Communicating with families and the community
Preparing for a local lockdown
Local lockdowns in Leicester, Greater Manchester and Lancashire remind us that the virus is still a clear and present danger and that the government will impose local restrictions quickly where the evidence shows it to be necessary.
In the worst-case scenario, going back into lockdown is likely to affect the morale of staff who have worked so hard to create a safe environment, and parents who have made the big decision to send their child back but now find they are not eligible for a prioritised place.
In this blog post, Melanie Pilcher outlines measures you can take and things you should be communicating to parents and families if infection rates start to creep up in your area.
Conducting visits to settings in times of social distancing
How can early years providers welcome and connect with prospective parents in these times of social distancing, staggered start times and strict guidance?
Richard Knight from the Early Years Alliance North of England Service Hub has some tips in this blog post.
How to do settling-in sessions during the coronavirus outbreak
The common settling-in process might involve lots of short visits and play sessions so that parents, carers, practitioners and child can all get to know each other and share that all-important information before the child starts with you.
But it is inevitable that just like everything else, settling-in sessions will need to look different in this new way of life we are all adjusting to.
Read our blog post which is full of tips and ideas of how to settle in children in these times of social distancing.
Playing and learning at home
The Alliance has produced a variety of resources to help families continue their children's learning and development at home during the summer months.
There are more than 100 videos of songs, rhymes, activity sessions and children's cooking sessions plus videos specifically to help parents nurture their children's development.
Please feel free to share the link with your families.
Alliance member Maureen Dyroff from Jack and Jill Pre-school in Oxfordshire got in touch with the Alliance to share how her team has been keeping in touch with their families during lockdown. They have been sending useful information and weekly themes and activities to continue the learning through the EYFS, through their electronic record keeping system. They also post on their facebook page.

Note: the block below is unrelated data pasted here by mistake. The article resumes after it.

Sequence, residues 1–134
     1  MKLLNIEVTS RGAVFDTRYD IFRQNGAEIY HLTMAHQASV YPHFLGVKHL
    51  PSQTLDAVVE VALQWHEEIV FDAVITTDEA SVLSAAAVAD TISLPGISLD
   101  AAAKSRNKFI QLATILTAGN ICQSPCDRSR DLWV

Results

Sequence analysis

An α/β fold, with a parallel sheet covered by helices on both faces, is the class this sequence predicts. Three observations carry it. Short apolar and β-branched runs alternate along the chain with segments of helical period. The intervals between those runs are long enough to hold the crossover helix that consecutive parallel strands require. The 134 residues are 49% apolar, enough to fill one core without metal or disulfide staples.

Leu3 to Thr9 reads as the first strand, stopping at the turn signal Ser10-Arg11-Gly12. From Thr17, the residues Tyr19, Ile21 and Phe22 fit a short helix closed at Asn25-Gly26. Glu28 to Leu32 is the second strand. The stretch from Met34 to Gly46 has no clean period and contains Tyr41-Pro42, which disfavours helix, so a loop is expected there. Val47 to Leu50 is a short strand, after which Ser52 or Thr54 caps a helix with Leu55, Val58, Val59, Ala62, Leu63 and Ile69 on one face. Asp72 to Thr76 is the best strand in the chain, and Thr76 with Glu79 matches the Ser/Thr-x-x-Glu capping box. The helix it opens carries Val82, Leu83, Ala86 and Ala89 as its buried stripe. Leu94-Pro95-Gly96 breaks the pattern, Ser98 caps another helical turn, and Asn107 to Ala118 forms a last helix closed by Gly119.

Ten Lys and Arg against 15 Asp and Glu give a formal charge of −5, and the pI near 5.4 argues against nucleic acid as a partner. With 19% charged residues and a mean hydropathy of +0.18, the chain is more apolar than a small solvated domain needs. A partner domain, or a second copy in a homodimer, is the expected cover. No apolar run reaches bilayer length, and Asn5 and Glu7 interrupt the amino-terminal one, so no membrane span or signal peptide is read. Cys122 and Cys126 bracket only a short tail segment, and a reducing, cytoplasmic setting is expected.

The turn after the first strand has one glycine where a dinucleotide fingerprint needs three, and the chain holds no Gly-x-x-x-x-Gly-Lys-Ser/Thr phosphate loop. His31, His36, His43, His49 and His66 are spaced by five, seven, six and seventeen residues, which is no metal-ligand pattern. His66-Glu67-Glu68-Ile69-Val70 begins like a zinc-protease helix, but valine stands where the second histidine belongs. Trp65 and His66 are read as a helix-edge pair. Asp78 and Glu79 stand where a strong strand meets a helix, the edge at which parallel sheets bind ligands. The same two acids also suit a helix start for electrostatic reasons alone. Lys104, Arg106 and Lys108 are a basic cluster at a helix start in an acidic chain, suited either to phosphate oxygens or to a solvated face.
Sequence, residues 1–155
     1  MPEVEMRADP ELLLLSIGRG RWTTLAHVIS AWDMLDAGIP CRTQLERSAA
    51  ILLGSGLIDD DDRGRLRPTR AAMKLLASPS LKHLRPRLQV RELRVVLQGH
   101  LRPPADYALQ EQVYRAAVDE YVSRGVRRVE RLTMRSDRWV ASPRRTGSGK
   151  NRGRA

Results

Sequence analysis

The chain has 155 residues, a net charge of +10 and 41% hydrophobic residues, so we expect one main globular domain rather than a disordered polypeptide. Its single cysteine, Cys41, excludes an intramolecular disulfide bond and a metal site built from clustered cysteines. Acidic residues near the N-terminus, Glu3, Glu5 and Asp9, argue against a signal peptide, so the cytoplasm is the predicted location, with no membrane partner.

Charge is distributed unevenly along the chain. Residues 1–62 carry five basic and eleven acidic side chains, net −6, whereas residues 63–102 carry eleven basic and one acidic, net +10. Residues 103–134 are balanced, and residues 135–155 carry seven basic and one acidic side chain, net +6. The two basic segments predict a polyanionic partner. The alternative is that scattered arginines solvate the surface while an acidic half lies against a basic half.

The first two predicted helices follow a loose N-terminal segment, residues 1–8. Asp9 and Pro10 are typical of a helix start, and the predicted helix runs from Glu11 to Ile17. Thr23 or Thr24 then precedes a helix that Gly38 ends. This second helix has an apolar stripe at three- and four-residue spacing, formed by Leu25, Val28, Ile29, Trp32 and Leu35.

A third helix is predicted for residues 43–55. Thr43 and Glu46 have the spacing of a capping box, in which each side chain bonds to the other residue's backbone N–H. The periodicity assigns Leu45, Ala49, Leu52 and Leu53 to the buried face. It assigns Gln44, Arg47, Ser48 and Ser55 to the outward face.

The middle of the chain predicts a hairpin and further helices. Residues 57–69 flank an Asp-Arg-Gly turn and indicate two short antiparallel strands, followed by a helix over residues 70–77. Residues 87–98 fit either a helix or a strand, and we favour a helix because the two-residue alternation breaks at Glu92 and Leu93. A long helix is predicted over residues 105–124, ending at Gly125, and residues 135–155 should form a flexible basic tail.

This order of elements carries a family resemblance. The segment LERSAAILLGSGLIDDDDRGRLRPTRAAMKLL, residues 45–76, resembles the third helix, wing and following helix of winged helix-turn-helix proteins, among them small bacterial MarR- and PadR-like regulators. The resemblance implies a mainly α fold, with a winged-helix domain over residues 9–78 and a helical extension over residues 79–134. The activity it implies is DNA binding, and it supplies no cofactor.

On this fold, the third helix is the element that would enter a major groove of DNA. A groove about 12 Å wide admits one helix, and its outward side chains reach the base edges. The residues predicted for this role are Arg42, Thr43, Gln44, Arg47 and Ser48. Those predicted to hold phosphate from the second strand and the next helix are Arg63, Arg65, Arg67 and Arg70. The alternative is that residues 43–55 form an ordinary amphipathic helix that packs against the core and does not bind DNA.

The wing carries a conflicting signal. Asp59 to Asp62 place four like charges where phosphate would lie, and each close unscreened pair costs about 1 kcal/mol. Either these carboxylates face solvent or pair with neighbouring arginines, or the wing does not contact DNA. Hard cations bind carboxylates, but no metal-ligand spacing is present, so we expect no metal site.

Maureen also shared this lovely poem that one of her staff wrote - a really personal way of sharing some activity ideas while maintaining connection between children and their key workers.
Talking to children about coronavirus
It is inevitable that even very young children will pick up on the levels of anxiety around them about the virus, even if they do not fully understand the context of the current situation.
Therefore, it is important that early years practitioners respond to any concerns that children express in a sensitive and age-appropriate manner.
- The Children's Commissioner has created a free, downloadable Children's Guide to Coronavirus. The guide aims to answer children’s questions about coronavirus, tell children how to stay safe and protect other people and how to help them make the best of their time at home.
- The Alliance also has a blog post you can read called How to talk to children about coronavirus.
- There are government guidelines on COVID-19: supporting children and young people’s mental health and wellbeing.
The government has published guidance for parents in which it says on the issue of parent fees during closures:
"We are asking providers to be reasonable and balanced in their dealings with parents".
As with any widespread infection that could pose a threat to their children, parents may be understandably concerned.
Social media and word-of-mouth in a community can sometimes be a source of misinformation, particularly if you hear of cases of coronavirus locally.
You can reassure parents who are worried by sharing up-to-date information and advice from reliable sources.
While you will probably have your own social media policies in place, it would be sensible to advise any staff - whether working or furloughed - to refrain from sharing sensitive information online which may cause undue distress or unnecessary concern.
It is important to note that any content shared on social networking sites could potentially end up in the public domain, even if it appears to be ‘private’ or is on a closed profile or group.
Your staff should always be aware of wider implications of sharing such information in their personal networks.